12 Global leadership Walter Russel Mead and Sean Keeley, “The Eight Great Powers of 2017”, American Interest, 24 January 2017; Robert Kagan, “Backing Into World War III”, Foreign Policy, 6 February 2017; Stewart M. Patrick, “Trump and the World Order”, Foreign Affairs, 13 February 2017; Richard Haass, “How a World Order Ends”, Foreign Affairs, 11 December 2018; Odd Ame Westad, “The Sources of Chinese Conduct”, Foreign Affairs, 12 August 2019; Fareed Zakaria, “The New China Scare”, Foreign Affairs, 6 December 2019.
13 Environmental issues Peter Hough, “Environmental Security” in Peter Hough (ed), International Security, 2014; Matteo Fagotto, “West Africa Is Being Swallowed by the Sea”, Foreign Policy, 21 October 2016; Joshua Busby, “Warming World”, Foreign Affairs, 14 June 2018; Joseph Curtin, “Trump has officially ruined climate change diplomacy for everyone”, Foreign Policy, 12 December 2018; Adam Tooze, “Rising Tides Will Sink Global Order”, Foreign Policy, 20 December 2018; Amitav Ghosh, “The coming climate crisis”, Foreign Policy, January 2019; Stephen Walt, “Who Will Save the Amazon (and How)?”, Foreign Policy, 5 August 2019; Lisa Visicidi and Nate Graham, “Threats Worked in Brazil”, Foreign Policy, 4 September 2019.
14 Science and Technology Studies Stephen M. Walt, “What Will 2050 Look Like?”, Foreign Policy, 12 May 2015; Stewart Patrick and Kyle L. Evanoff, “The Right Way to Achieve Security in Space”, Foreign Affairs, 17 September 2018; Loren Thompson, “Gene Wars”, Forbes, 29 January 2016; Frans von der Dunk, “So who really owns the Moon?”, Military Times, 9 July 2019; Doug Beason, “Directed Energy: The Next Revolution”, The Cipher Brief, 22 December 2016; Matthew Shaer, “The Asteroid Miner’s Guide to the Galaxy”, Foreign Policy, 28 April 2016.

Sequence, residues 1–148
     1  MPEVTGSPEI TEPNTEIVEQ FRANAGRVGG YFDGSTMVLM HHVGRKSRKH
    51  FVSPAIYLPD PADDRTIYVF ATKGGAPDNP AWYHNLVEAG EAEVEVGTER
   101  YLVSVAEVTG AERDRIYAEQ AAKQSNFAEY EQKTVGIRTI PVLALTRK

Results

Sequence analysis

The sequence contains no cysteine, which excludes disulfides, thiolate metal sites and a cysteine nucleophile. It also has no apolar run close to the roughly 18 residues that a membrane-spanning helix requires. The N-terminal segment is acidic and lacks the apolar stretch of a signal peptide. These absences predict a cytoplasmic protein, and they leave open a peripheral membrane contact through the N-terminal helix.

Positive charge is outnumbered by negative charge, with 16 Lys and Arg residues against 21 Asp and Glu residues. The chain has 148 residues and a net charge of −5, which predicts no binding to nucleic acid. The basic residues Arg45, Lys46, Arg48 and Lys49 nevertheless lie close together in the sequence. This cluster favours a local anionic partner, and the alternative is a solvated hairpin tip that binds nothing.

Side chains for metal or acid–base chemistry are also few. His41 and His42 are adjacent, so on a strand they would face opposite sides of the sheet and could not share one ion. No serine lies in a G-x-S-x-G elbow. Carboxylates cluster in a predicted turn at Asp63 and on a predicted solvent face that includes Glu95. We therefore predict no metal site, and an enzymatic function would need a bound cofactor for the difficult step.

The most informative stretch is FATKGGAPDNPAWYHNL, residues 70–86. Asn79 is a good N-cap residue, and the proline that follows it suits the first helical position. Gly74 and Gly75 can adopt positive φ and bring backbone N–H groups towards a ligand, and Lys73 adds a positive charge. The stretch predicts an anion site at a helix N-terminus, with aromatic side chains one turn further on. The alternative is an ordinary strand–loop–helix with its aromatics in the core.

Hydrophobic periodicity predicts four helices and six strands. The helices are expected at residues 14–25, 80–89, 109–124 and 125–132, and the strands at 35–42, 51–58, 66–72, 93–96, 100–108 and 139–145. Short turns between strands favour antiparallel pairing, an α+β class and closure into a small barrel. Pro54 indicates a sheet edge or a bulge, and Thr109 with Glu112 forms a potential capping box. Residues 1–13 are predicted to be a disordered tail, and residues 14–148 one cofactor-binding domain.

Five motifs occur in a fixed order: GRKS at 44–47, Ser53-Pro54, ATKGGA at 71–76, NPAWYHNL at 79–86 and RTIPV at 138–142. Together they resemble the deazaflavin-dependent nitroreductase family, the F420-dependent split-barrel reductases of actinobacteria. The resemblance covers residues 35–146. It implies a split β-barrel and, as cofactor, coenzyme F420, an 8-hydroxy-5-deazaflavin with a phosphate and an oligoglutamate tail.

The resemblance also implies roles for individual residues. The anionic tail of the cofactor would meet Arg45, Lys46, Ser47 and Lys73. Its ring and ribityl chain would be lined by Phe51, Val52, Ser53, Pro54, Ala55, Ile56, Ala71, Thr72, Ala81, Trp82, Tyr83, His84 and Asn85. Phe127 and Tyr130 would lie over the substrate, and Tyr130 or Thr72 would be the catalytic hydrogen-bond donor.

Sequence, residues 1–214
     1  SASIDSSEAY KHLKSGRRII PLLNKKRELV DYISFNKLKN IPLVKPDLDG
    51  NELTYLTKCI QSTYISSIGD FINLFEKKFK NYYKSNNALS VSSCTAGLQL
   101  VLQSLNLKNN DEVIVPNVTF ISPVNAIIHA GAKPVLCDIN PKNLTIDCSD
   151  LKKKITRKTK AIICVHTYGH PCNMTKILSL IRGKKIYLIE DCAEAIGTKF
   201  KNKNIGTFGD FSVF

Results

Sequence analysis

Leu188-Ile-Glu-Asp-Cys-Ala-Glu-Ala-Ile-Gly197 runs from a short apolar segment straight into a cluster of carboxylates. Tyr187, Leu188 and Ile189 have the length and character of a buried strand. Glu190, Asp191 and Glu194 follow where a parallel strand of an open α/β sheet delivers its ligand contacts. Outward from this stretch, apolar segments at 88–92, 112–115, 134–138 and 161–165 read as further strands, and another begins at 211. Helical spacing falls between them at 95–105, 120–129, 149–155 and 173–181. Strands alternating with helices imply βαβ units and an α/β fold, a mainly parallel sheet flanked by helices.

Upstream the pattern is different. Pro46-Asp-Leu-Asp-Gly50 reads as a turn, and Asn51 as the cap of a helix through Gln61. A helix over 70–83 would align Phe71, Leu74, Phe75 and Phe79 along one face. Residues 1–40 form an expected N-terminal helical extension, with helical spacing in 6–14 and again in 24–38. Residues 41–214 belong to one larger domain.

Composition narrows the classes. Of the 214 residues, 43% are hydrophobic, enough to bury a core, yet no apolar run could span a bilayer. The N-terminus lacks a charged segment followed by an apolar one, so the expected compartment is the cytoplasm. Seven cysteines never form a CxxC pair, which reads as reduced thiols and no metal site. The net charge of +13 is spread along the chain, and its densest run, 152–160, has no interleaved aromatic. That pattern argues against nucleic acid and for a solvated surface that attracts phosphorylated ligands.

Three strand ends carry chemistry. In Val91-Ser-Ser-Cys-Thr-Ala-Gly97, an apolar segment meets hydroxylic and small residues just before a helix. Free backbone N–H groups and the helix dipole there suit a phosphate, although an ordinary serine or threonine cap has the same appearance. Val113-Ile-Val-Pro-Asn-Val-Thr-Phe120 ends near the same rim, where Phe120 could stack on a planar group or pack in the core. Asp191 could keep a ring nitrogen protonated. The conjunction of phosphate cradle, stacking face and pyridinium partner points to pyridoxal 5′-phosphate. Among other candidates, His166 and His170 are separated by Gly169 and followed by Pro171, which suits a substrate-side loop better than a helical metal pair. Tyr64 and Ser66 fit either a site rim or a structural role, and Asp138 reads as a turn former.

15 Review of the semester
16 Final Exam

 

Course Notes/Textbooks

This course does not have specific course book.

All course readings are available at the University Library and as open sources.

Suggested Readings/Materials

 

EVALUATION SYSTEM

Semester Activities Number Weigthing
Participation
1
20
Laboratory / Application
Field Work
Quizzes / Studio Critiques
Homework / Assignments
Presentation / Jury
Project
Seminar / Workshop
Oral Exams
Midterm
1
40
Final Exam
1
40
Total

Weighting of Semester Activities on the Final Grade
2
60
Weighting of End-of-Semester Activities on the Final Grade
1
40
Total

ECTS / WORKLOAD TABLE

Semester Activities Number Duration (Hours) Workload
Theoretical Course Hours
(Including exam week: 16 x total hours)
16
3
48
Laboratory / Application Hours
(Including exam week: 16 x total hours)
16
0
Study Hours Out of Class
16
6
96
Field Work
0
Quizzes / Studio Critiques
0
Homework / Assignments
0
Presentation / Jury
0
Project